Cannes 2012 is so last week. Will Noah and Max Nelson present an exclusive look at next year’s iteration of the historic festival.
The festival opens with Woody Allen’s latest European sojourn, Berlin There, Done That, in which an incredulous Michael Cera travels back to 1930s Germany and witnesses the rise of the Third Reich; hilarity ensues.
Lars von Trier defies the Cannes authorities and one-ups Jafar Panahi by smuggling himself into the festival hidden inside a very large meringue.
French cultural officials offer the US to trade two of their cinematic luminaries for James Gray and Jerry Lewis. Over the protestations of American cinephiles demanding Claire Denis and Leos Carax, the American government chooses Michel Hazanavicius and “the chick from Inception”.
Footage leaks from Claire Denis’ opening night party of Gaspar Noé and Bruno Dumont drunkenly trying to imitate Denis Lavant’s end-credits breakdance from Beau Travail. When asked if it was he who shot the video, Wes Anderson just smiles mischievously.
Michael Haneke breaks down in tears during a press conference, apologizes to festival- and moviegoers for decades of abuse: “I just wanted you guys to like me,” he sobs.
Takashi Miike screens 104 films; one for every candle on Manoel de Olveira’s birthday cake.
David Lynch admits that he was “just kidding about the whole transcendental meditation thing.”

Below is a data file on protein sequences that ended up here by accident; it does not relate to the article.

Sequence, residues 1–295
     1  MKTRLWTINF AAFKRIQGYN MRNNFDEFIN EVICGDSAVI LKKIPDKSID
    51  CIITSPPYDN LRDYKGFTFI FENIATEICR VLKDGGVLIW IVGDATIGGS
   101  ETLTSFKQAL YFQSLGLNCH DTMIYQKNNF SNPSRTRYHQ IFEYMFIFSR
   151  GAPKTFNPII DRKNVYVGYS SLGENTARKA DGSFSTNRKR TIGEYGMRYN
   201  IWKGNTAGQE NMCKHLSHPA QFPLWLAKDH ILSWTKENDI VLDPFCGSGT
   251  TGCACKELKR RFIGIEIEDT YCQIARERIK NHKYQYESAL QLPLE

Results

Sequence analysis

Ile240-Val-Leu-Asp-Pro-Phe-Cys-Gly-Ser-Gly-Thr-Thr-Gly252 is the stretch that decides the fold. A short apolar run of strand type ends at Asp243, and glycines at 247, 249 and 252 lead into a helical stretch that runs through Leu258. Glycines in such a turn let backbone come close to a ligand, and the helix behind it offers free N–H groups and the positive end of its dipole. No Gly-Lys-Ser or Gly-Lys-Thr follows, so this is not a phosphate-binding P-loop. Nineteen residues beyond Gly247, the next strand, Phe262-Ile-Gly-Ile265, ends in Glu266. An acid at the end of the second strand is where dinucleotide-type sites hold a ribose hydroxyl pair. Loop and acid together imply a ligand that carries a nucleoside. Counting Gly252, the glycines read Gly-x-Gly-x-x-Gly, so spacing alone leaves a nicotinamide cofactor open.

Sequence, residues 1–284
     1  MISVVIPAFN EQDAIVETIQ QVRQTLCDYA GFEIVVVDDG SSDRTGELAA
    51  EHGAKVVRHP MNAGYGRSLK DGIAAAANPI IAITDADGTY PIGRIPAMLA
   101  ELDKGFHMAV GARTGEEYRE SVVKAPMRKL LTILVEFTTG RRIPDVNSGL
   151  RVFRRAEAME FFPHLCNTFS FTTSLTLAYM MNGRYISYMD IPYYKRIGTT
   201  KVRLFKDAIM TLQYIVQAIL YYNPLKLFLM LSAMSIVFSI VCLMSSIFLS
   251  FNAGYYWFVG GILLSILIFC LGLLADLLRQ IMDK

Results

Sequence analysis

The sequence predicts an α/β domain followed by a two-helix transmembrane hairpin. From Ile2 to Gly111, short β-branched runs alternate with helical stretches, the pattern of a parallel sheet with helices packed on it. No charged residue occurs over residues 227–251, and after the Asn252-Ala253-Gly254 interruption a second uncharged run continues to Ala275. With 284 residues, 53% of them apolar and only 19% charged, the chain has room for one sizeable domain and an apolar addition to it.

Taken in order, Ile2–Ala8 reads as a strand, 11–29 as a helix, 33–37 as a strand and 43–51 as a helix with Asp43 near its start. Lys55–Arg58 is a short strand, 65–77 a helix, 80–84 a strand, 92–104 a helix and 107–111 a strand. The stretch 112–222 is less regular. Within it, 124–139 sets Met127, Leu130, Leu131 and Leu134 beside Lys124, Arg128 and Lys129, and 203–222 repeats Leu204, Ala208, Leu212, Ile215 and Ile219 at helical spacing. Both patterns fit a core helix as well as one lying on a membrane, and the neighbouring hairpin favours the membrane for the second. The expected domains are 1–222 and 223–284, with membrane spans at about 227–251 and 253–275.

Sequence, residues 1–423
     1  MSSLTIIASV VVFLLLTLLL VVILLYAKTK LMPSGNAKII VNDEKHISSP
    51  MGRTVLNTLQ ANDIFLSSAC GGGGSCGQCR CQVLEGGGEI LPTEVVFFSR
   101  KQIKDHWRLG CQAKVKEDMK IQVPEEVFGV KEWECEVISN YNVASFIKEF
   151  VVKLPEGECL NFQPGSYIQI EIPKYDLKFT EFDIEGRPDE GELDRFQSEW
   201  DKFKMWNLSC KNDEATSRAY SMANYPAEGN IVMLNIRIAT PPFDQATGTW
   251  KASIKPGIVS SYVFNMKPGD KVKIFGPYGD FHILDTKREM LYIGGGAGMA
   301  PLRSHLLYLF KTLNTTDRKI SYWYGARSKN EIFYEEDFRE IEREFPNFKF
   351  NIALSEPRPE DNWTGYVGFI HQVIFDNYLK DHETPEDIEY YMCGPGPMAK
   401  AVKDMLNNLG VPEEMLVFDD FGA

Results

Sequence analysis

Xavier Dolan’s mom makes sandwiches for the entire Un Certain Regard lineup.
Pedro Costa and Tsai Ming-Liang, worried that long takes have become too cliché, compete to see who can cram more shots into a two-hour film. Costa gains an early lead but can’t resist ending his film with a 17-minute take, letting Tsai shoot ahead. No one notices what either film is about.
Alain Resnais refuses to die, prompting critics to hail his new film as his third swan song.
The Dardenne Bros crush Nattys, announce plans to score all future films to dubstep. When asked about their cinematic influences, they respond “indie shit, like the Boondock Saints.”
The newly prolific Terence Malick writes, shoots and edits a film during the festival (where he already has three films in competition), premieres it three hours before the awards ceremony. It wins the Palme d’Or.
The jury is headed by a hologram of Andrei Tarkovsky.